A Davenport man convicted by a Scott County Jury of one count of neglect of a dependent person after police found his wife’s adult intellectually-disabled daughter locked in a bedroom at his home has been sentenced to 10 years in the Iowa Department of Corrections.
Eugene Shadel Harris, 56, was sentenced Friday during a hearing in Scott County District Court.
Harris was convicted of the charge Oct. 5.
However, the jury could not come to an agreement on a verdict on an additional charge of dependent adult abuse, leading District Court Judge Thomas Reidel to declare a mistrial on that count. That count has since been dropped and will not be retried.
Harris’ wife and co-defendant, Kimberly Williams, 48, has a trial scheduled for March 4 on charges of neglect of a dependent person and dependent adult abuse. She remains free on bond.
At 9 p.m. May 22, officers were called to the couple's home in the 1700 block of Jenna Drive for a report of a domestic disturbance. Upon arrival, officers found Williams and Harris in a verbal and physical fight, according to police.
Harris told officers that Williams' intellectually disabled adult daughter lived in the home and was being locked in her room at all times by her mother, according to police.
He also said Williams' daughter was drinking water from the toilet and he had asked Williams for several days to take her to the doctor. Williams refused, Harris told officers.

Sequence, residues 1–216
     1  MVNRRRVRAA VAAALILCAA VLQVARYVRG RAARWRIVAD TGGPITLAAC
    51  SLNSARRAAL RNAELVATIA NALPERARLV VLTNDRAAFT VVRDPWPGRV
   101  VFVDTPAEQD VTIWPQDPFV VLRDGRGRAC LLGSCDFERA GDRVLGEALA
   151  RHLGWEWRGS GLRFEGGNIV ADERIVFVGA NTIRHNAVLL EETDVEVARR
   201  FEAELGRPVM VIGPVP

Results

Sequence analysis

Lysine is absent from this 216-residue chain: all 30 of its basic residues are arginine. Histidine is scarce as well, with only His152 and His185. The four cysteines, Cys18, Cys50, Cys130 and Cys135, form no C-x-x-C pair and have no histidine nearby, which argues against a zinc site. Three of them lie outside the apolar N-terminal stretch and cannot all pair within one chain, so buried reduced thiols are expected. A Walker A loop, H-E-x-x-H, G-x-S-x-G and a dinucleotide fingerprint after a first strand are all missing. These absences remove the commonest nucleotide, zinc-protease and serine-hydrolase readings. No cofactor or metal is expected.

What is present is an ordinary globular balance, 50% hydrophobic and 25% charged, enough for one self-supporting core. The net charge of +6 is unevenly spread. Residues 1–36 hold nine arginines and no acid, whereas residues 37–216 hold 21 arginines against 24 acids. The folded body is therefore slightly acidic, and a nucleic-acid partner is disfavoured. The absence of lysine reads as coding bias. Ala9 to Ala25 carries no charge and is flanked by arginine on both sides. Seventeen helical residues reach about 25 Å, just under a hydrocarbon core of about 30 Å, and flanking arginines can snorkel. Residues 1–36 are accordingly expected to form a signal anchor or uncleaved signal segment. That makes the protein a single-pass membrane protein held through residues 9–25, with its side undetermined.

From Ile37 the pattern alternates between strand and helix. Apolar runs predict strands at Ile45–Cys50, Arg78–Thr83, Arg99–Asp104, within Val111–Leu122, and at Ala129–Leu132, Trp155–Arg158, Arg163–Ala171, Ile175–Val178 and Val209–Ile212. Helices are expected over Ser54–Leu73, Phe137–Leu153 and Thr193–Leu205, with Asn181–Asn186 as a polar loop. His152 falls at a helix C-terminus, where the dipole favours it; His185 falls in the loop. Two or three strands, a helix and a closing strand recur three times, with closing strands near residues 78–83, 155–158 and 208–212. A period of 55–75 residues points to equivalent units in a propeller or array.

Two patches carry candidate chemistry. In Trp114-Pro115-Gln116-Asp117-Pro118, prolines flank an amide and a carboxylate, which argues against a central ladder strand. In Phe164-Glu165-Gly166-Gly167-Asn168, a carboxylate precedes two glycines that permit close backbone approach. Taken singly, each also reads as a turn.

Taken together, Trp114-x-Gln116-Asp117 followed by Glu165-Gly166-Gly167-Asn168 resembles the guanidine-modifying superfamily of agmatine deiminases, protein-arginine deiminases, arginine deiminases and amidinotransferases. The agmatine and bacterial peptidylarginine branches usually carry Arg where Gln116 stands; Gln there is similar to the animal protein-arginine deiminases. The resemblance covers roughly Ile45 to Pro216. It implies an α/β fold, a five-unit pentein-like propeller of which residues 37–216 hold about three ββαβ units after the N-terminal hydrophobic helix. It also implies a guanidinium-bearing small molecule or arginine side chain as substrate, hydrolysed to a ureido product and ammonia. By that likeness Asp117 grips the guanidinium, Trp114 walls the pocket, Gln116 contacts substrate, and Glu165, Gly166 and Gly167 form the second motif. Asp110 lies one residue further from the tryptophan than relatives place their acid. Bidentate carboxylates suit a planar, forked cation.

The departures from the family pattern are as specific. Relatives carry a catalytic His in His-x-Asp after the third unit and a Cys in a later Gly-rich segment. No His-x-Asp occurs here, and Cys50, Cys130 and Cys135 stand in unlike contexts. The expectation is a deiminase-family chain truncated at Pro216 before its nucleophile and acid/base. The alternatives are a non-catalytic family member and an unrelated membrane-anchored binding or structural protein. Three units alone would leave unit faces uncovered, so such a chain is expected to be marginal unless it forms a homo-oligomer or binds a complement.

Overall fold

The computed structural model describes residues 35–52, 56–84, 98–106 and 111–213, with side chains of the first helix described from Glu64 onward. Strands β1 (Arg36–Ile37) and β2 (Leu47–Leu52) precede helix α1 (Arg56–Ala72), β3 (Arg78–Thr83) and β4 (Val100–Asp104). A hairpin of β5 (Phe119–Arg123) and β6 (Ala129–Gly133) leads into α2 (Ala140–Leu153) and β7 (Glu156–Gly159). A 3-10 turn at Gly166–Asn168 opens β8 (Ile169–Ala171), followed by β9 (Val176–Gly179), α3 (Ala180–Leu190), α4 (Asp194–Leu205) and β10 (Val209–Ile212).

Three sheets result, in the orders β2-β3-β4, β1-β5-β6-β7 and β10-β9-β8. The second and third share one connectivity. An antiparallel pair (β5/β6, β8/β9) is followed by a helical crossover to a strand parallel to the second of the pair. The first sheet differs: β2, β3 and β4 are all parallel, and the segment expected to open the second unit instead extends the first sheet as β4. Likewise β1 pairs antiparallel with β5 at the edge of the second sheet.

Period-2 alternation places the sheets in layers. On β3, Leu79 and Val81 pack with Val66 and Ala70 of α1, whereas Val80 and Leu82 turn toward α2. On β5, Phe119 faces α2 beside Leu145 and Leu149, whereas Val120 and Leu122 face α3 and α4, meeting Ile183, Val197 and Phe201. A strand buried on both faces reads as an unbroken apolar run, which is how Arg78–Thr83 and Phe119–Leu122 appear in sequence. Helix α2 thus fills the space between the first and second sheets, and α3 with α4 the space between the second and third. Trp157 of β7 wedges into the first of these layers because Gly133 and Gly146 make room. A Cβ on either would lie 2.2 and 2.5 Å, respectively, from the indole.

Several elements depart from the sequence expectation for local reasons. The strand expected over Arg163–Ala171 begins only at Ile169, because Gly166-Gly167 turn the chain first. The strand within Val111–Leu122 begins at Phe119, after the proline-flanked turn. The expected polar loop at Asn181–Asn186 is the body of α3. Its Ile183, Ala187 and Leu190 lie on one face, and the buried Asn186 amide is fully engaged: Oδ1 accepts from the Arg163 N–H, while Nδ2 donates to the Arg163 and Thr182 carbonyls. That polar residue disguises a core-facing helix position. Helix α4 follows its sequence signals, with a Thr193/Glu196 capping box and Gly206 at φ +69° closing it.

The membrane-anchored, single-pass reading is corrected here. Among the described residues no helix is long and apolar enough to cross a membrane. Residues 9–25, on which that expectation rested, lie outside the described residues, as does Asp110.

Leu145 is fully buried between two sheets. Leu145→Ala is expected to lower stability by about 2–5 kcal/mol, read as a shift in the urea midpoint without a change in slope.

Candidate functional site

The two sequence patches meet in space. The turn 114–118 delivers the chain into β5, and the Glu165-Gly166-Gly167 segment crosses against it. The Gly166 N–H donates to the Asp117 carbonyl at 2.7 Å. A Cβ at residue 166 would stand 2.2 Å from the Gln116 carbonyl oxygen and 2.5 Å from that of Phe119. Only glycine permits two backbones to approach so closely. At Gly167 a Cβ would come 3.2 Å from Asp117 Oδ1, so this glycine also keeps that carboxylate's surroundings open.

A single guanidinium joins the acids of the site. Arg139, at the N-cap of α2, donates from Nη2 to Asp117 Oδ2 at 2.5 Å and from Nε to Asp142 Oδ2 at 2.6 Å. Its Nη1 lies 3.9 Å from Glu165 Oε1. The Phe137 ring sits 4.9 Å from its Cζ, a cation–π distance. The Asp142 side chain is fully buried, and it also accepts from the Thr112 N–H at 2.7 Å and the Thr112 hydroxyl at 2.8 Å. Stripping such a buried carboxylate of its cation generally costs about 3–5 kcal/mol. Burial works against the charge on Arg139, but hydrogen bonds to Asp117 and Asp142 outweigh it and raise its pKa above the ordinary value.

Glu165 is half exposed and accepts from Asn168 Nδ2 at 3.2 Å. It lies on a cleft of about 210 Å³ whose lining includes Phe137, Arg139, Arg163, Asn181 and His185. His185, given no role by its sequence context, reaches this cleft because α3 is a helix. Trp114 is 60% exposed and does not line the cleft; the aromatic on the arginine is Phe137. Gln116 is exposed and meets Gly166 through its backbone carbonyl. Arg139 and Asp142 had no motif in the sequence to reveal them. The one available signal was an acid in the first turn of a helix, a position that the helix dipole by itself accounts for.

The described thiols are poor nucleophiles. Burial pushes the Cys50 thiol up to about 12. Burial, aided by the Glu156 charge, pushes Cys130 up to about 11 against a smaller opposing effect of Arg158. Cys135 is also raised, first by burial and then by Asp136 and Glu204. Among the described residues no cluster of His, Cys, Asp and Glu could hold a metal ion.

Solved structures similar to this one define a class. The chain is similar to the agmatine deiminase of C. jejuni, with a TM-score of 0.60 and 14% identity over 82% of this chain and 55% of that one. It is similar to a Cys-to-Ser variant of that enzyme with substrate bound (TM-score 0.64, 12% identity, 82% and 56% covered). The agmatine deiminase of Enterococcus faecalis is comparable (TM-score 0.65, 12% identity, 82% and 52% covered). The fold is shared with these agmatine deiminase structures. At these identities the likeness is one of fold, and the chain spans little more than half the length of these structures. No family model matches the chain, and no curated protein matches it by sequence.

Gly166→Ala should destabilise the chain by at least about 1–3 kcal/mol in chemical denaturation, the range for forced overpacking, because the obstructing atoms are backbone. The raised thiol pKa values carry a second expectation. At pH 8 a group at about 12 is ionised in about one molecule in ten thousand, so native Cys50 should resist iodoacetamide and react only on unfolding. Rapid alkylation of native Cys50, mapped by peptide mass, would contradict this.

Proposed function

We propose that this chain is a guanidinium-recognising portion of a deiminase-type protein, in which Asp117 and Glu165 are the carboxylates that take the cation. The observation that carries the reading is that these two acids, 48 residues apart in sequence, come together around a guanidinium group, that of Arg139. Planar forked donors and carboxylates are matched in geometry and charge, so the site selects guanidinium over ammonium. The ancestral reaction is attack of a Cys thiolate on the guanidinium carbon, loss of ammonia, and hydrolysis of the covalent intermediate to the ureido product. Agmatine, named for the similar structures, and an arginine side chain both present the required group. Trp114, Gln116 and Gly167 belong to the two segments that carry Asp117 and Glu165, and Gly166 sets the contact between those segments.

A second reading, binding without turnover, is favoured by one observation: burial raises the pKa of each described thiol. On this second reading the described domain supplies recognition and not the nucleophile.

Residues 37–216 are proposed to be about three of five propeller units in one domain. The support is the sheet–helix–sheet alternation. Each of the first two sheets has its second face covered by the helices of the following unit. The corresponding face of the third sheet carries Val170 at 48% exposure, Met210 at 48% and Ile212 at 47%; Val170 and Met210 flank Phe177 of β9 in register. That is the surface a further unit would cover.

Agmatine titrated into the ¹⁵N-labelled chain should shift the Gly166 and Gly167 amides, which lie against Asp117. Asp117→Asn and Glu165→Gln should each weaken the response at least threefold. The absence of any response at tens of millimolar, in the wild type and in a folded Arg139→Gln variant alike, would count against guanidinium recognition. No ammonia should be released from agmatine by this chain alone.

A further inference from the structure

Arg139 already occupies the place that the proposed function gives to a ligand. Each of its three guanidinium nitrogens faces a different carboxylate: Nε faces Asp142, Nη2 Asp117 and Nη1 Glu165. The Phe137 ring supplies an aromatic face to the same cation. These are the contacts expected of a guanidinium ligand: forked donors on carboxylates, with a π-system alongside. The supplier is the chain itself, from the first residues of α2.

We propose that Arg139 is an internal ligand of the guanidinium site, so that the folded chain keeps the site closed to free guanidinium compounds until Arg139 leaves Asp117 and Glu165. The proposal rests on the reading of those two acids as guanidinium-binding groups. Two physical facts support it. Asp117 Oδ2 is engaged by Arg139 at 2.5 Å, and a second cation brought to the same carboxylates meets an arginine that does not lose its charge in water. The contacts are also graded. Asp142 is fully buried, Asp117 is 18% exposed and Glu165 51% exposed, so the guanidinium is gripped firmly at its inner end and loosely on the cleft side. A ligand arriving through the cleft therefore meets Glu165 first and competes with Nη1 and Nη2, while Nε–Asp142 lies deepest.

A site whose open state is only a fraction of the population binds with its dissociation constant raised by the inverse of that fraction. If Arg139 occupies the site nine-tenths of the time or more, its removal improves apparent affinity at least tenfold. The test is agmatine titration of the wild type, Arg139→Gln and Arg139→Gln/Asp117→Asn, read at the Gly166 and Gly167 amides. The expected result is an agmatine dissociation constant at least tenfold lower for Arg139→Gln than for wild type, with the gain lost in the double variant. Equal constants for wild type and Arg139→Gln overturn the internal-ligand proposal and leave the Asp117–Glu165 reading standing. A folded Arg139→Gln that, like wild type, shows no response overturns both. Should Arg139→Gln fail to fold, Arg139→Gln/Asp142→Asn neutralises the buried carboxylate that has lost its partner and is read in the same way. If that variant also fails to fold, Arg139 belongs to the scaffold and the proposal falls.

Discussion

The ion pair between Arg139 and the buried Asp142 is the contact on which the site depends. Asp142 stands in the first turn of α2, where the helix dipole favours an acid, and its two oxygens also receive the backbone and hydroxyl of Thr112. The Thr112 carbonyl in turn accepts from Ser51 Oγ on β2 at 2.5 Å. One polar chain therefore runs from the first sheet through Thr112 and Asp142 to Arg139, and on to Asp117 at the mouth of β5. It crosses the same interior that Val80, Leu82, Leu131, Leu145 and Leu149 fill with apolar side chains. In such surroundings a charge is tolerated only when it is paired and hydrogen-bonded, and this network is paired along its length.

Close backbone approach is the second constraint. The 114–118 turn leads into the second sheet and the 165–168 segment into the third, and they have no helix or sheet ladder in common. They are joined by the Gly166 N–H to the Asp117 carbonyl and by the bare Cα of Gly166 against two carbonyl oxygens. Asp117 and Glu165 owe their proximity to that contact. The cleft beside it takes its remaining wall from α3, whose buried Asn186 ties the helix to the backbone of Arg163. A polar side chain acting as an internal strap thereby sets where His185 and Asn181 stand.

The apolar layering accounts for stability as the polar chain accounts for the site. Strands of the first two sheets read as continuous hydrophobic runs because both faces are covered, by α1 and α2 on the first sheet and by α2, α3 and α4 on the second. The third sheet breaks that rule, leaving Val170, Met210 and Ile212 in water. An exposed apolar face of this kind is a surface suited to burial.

Harris took officers to an upstairs bedroom, which was locked from the outside, and said Williams' daughter was in there, according to police.
Officers unlocked the room and found her sleeping on a mattress on the floor. The room contained a dresser containing bed sheets, a non-working television and another dresser that was broken, according to police.
There was a locked door which led to a bathroom. When officers unlocked it, they found soiled adult diapers. The room smelled strongly of urine and feces, according to police.
The daughter was taken to the hospital for injuries suffered from her living conditions.
Officers learned through the investigation that the daughter, while locked in the bedroom, had to knock once if she needed something and someone would respond. She also was locked in the room even when people were not in the home, according to police.
The daughter had no way to call for help if she needed it, according to police.
Harris told officers that, under the direction of his wife, he brought her daughter food and water bottles. He said that he has lived in the home for approximately a year, according to police.
Harris further said that, other than two days out of the year, the daughter has lived in the locked room, according to police.